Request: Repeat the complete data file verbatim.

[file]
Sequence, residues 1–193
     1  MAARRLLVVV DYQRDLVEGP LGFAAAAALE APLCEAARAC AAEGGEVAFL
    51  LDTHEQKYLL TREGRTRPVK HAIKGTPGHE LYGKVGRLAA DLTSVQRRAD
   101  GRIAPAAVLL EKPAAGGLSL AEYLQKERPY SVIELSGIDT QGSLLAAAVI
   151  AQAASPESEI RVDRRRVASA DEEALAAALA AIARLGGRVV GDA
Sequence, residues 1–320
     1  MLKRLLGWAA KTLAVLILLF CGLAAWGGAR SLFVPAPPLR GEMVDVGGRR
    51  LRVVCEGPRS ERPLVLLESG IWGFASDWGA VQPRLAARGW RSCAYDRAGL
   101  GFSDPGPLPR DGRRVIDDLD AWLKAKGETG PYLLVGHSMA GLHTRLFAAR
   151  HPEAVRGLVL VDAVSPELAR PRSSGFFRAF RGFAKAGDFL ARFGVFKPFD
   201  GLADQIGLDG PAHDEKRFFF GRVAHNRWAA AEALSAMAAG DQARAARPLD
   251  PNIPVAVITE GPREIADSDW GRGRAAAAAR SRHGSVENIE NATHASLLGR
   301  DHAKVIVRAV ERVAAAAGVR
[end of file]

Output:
Sequence, residues 1–193
     1  MAARRLLVVV DYQRDLVEGP LGFAAAAALE APLCEAARAC AAEGGEVAFL
    51  LDTHEQKYLL TREGRTRPVK HAIKGTPGHE LYGKVGRLAA DLTSVQRRAD
   101  GRIAPAAVLL EKPAAGGLSL AEYLQKERPY SVIELSGIDT QGSLLAAAVI
   151  AQAASPESEI RVDRRRVASA DEEALAAALA AIARLGGRVV GDA
Sequence, residues 1–320
     1  MLKRLLGWAA KTLAVLILLF CGLAAWGGAR SLFVPAPPLR GEMVDVGGRR
    51  LRVVCEGPRS ERPLVLLESG IWGFASDWGA VQPRLAARGW RSCAYDRAGL
   101  GFSDPGPLPR DGRRVIDDLD AWLKAKGETG PYLLVGHSMA GLHTRLFAAR
   151  HPEAVRGLVL VDAVSPELAR PRSSGFFRAF RGFAKAGDFL ARFGVFKPFD
   201  GLADQIGLDG PAHDEKRFFF GRVAHNRWAA AEALSAMAAG DQARAARPLD
   251  PNIPVAVITE GPREIADSDW GRGRAAAAAR SRHGSVENIE NATHASLLGR
   301  DHAKVIVRAV ERVAAAAGVR